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Health & Spirit

On back roads of Appalachia's coal country, mental health services are as rare as jobs

Vickie Connor, Kaiser Health News on

Published in Health & Fitness

PINEVILLE, W.Va. -- Every other month, Tanya Nelson travels 32 miles from the heart of Appalachia's coal country for an appointment with the nearest psychiatrist for therapy and to renew prescriptions. But the commute, which should take less than an hour through the winding mountain roads of southern West Virginia, consumes her entire day.

Nelson, 29, needs treatment for bipolar disorder, depression and anxiety. But she does not drive, so she must use a van service to keep her appointments. It makes numerous stops along the highway, picking up other travelers, and usually doesn't return to her home in New Richmond, W.Va., until day's end.

"I'll call and tell them I'm ready (after my appointment ends), but they tell me they're waiting for someone else," Nelson said as she described a typical trip.

Nelson is among many area residents who do not drive. Patricia Hagerman, 63, of nearby War, W.Va., has relied on her sister for the past 11 years to drive her about an hour each way to the nearest psychiatrist -- in Princeton, W.Va. She makes the trip once every two months for depression and anxiety treatment.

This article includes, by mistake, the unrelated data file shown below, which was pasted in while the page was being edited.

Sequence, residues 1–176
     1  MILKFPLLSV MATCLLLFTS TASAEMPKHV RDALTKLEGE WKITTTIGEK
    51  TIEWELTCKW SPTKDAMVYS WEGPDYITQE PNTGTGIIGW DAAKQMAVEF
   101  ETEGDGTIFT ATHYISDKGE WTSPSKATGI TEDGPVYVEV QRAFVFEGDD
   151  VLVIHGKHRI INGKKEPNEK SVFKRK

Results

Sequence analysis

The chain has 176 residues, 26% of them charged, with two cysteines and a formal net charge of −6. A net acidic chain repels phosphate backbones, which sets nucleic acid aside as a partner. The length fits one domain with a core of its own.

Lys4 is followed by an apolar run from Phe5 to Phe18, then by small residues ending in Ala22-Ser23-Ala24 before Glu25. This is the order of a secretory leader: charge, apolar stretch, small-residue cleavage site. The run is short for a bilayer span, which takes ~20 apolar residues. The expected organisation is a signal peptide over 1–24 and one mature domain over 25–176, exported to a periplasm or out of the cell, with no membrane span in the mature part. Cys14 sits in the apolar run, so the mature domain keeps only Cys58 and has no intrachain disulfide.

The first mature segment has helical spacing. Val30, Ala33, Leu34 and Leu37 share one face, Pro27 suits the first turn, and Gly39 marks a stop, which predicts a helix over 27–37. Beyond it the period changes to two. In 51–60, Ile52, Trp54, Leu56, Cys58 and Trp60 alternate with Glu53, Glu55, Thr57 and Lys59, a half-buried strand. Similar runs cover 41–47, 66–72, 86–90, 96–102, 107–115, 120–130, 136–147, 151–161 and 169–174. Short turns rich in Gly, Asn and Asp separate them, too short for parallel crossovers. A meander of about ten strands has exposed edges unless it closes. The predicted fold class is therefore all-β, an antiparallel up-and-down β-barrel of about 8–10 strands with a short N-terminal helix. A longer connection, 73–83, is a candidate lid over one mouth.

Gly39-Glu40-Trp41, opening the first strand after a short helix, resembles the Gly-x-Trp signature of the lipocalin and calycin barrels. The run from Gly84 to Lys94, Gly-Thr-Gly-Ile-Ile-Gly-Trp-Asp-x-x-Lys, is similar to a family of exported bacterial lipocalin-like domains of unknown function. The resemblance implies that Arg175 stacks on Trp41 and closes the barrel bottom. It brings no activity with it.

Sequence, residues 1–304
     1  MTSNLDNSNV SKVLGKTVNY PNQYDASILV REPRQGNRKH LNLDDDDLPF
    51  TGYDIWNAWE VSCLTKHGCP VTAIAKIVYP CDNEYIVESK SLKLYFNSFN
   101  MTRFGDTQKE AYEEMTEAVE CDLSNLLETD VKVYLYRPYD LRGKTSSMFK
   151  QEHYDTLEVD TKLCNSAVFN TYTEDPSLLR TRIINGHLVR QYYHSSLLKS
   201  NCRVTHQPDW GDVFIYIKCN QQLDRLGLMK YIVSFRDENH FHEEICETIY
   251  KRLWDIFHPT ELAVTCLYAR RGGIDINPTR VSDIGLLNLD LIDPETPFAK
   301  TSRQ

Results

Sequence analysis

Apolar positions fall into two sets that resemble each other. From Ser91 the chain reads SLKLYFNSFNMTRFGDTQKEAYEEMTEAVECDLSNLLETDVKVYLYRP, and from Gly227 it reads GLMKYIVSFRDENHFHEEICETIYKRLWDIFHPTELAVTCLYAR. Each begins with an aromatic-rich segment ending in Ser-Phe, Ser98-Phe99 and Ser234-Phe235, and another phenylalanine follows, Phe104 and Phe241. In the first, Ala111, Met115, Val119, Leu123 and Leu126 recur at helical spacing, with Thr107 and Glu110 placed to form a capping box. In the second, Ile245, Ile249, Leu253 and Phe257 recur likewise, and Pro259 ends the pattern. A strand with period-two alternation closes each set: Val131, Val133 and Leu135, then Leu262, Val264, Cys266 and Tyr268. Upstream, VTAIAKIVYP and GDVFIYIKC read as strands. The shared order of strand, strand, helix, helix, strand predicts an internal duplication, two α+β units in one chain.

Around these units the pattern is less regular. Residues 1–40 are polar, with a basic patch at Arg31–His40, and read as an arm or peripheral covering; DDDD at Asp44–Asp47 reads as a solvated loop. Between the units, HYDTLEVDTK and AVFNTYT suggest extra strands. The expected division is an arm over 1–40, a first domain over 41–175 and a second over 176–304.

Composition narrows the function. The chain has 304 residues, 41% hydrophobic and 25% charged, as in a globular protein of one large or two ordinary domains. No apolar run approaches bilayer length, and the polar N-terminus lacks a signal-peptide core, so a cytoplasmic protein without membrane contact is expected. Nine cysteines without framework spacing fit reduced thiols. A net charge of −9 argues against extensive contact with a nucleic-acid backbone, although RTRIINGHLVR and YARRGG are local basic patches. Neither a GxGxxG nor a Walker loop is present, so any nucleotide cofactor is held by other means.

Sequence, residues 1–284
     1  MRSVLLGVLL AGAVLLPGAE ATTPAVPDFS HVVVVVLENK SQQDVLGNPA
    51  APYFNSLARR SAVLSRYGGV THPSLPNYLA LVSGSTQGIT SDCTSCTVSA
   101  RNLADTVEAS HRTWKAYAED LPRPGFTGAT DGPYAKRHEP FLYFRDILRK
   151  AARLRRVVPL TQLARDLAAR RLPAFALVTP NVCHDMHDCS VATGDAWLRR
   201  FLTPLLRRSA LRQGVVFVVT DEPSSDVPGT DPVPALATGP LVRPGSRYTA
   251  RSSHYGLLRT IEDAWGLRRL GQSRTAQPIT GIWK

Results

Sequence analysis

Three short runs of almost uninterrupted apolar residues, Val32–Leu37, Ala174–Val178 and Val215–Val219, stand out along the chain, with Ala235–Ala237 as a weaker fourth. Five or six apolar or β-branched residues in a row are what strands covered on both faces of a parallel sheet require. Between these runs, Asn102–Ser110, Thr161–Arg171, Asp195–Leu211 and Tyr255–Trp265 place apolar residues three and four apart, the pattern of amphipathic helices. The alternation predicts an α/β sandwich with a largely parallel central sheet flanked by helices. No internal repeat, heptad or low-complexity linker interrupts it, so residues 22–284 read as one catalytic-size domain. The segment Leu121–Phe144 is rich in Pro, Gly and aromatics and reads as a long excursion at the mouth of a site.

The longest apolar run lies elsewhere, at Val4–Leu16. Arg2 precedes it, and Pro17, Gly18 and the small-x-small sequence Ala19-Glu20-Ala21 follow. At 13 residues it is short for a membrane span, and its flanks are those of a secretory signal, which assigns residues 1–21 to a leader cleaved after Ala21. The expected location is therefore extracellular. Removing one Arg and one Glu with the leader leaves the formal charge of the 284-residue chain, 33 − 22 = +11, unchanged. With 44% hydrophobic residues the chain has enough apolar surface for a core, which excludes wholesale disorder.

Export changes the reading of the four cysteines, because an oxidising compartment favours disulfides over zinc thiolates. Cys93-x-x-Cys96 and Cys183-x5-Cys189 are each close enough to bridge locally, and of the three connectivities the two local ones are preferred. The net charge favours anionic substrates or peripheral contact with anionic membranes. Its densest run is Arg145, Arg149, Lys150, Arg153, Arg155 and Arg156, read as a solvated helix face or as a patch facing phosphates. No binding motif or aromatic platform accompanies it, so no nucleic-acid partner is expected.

"I don't want to go," Hagerman said, "But I do go. (Seeing the psychiatrist is) worth the trip."

Getting mental health services here is fraught with challenges. But the need is great.

There are no psychiatrists in Wyoming County. A handful of small, general medical practices and a few behavioral health specialists handle services for the 21,763 residents. Patients' issues -- ranging from depression, anxiety, addiction and other mental health concerns -- are aggravated by the local economic downturn.

Dr. Joanna Bailey, who practices family medicine here and treats patients covered by Medicaid, said the lack of mental health care access puts her patients at a disadvantage.

"As a family doctor, I'm doing way more psychiatry than I am comfortable with," Bailey said. She sends patients like Nelson, who need more specialized help, to the closest psychiatrist in Beckley, W.Va. In addition to the transportation hurdle, it can take a month or more to get an appointment.

Bailey practices in both Wyoming and McDowell counties -- Appalachian areas once fueled by a booming coal industry. Today, much of the local economy relies on tourists coming to use the area's ATV trails. Infrastructure has been neglected. Shops have been boarded up and abandoned. Medicaid enrollment is roughly 35 percent in Wyoming County and 48 percent in McDowell County, according to the advocacy group West Virginians for Affordable Health Care.

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